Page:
Drones allowed to fly over people and at night under new rules
NEW YORK - Federal regulators say that small drones may now fly over people and at night under certain conditions.
The Federal Aviation Administration (FAA) says the rules are a first step in managing the growing use of drones.
"More work remains on the journey to full integration of Unmanned Aircraft Systems (UAS)," said U.S. Secretary of Transportation Pete Buttigieg in a statement.
The FAA says the new rules will ensure that drone operations can grow safely and securely.
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A new rule, referred to as the Remote ID rule requires drones to be registered with the FAA and have the ability to be identified in flight and the location of their control stations. The purpose is to reduce the risk of them interfering with other aircraft or posing a risk to people on the ground.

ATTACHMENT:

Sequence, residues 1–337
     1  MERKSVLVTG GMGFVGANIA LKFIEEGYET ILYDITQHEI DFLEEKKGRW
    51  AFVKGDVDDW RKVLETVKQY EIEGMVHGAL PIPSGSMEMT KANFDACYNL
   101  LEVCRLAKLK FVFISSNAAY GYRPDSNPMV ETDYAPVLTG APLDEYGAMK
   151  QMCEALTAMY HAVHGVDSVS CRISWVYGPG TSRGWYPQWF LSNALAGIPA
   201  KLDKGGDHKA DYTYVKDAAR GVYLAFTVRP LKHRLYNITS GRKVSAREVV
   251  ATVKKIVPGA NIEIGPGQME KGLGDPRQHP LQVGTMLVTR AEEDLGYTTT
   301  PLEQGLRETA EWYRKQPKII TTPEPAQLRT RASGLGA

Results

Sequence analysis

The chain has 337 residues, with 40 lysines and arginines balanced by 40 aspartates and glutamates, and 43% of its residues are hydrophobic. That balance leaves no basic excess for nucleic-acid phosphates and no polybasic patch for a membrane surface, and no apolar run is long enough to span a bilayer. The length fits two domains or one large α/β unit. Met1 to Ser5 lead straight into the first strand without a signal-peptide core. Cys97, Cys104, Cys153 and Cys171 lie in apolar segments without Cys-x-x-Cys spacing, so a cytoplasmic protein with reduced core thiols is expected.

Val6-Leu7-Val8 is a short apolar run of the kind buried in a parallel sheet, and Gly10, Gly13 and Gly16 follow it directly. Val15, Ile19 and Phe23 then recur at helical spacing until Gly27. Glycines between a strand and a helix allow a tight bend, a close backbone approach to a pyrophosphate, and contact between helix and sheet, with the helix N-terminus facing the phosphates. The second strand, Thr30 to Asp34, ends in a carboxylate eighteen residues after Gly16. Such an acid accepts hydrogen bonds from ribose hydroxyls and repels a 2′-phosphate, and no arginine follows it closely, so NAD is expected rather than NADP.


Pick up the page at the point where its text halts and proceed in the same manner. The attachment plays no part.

It applies to all drones that require FAA registration.
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The Operations Over People rule allows small drones to fly over people and over moving vehicles. The drone also can not have any exposed rotating parts that could cause lacerations.
The new rule allows operations at night under certain conditions.
The remote pilot in command must complete an updated initial knowledge test or online recurrent training, and the drone must have lighted anti-collision lighting visible for at least 3 miles that has a flash rate sufficient to avoid a collision.